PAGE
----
linkthink re: hip-hop, reggae, the US, jamaica, and anything else wayne wants to wax on


mashup the 11th

(listen to mashup the 11th.)

despite ringing like a facile cliche, i decided to go with "mashup the 11th" for the title of this post and this track because it's such a multivalent phrase. of course, it refers most obviously to my creation of a "mash-up" (i.e., a track juxtaposing fairly long samples from other tracks--but you knew that already) that takes as its source materials various tracks that address the subject of 9/11. in this case all of the tracks happen to be from reggae/hip-hop sources (surprise, surprise): elephant man's the bombing and the martial arts riddim that it rides, aesop rock's ny electric, mr. lif's home of the brave, and immortal technique's righteous 911 freestyle.

so in a simple sense i'm mashing up the 11th in that i'm mashing up these songs. but, with its reproduction of bush's maddening quasi-biblical rendering (in order to secretly communicate--wink,wink--with all you religious crazies out there) of "september THE eleventh" (where does the the come from anyway? the king james bible?), "mashup the 11th" also refers to the way that bush, et al., mashed-up the 11th by responding in such a terrible way--a point underscored by 9/11 widows having to protest to get some forward movement on the 9/11 commission's recommendations. (and let's not forget that bush opposed the commission's creation and then appointed henry "warcrimes" kissinger to head it.) the bush response to the 11th has played right into bin laden's hands, creating a boon for al qaeda recruitment, while the indefinite, unwinnable "war on terror" promises to fail as profoundly as the "war on drugs" has, but not before it reduces civil liberties to soviet proportions and brings down the US economy (which was precisely bin laden's aim).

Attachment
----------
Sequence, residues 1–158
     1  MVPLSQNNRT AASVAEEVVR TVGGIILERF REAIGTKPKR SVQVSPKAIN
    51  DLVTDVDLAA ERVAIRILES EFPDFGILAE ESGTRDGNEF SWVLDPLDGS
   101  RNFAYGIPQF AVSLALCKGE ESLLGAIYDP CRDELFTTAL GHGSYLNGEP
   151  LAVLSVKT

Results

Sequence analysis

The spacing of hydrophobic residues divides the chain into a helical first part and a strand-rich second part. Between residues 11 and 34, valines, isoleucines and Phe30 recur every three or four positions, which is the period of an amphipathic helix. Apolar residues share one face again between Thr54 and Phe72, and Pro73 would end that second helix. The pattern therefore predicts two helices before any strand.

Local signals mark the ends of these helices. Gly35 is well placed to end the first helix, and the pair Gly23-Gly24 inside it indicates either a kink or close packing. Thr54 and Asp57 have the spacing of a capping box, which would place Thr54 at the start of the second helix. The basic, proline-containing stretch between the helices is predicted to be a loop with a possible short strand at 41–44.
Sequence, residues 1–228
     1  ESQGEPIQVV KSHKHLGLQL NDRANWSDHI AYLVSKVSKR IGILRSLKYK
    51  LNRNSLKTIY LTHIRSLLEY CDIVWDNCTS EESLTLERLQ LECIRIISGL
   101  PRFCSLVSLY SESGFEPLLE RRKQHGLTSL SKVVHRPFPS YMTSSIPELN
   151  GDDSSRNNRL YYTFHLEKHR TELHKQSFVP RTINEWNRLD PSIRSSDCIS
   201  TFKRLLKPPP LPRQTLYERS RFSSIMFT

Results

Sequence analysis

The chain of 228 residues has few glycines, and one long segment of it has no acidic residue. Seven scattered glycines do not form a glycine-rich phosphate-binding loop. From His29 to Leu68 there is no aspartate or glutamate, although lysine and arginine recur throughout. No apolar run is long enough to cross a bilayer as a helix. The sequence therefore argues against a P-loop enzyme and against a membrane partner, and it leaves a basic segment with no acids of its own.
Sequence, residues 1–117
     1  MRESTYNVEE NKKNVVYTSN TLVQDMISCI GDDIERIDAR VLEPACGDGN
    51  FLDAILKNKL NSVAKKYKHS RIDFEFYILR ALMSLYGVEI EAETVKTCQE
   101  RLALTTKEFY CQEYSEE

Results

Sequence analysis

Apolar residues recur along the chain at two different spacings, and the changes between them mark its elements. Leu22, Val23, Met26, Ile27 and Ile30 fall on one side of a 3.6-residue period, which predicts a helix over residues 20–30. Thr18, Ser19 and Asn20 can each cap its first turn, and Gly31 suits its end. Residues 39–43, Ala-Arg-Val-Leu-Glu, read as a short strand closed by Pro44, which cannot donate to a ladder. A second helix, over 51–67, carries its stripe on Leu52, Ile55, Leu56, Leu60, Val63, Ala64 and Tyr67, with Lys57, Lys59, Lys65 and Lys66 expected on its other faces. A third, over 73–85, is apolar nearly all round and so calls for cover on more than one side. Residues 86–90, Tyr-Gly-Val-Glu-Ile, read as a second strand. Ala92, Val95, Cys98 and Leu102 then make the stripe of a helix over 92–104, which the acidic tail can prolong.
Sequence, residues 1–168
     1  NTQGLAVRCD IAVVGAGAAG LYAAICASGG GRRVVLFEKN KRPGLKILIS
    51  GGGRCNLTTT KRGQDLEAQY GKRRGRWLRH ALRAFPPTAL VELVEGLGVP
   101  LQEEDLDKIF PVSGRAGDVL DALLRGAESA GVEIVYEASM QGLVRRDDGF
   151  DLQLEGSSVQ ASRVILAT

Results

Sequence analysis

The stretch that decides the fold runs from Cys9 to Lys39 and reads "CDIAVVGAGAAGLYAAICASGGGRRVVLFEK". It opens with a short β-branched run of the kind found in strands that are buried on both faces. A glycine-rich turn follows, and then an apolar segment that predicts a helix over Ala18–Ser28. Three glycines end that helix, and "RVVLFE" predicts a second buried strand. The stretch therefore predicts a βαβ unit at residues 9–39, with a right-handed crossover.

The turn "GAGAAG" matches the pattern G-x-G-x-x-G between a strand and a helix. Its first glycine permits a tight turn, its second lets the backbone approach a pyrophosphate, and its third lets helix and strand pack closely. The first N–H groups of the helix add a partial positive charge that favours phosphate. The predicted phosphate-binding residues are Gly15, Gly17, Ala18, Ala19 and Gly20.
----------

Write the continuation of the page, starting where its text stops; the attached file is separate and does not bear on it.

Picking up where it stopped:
i was inspired to create this track, first and foremost, by immortal technique's freestyle (which, obviously, isn't really a freestyle--more like an acapella rant [note his hype-man finishing lines, for instance]). immortal technique drops crazy knowledge on this track, kicking ass and naming names. there is an intensity in his voice that communicates the urgency of his critique. rhyming "cellphone" with "wellstone" and dropping michael-moore conspiracy theory, technique fleshes out the details that lurk behind more populist, hip-hop-propelled accusations such as fellow rapper jadakiss's "bush knocked down the towers." no surprise that immortal technique employed the jada quote in a second topical track, the banger bin laden, with mos def (which puts eminem's mosh to shame on the same damn mixtape). beyond dropping more (counter)knowledge, technique goes so far as to express solidarity with iraqi insurgents: bin laden didn't blow up the projects, but bush leveled falluja. immortal technique feels more solidarity with those who defend their homes in iraq than with southern american racists who use new york's loss to justify their jingoism.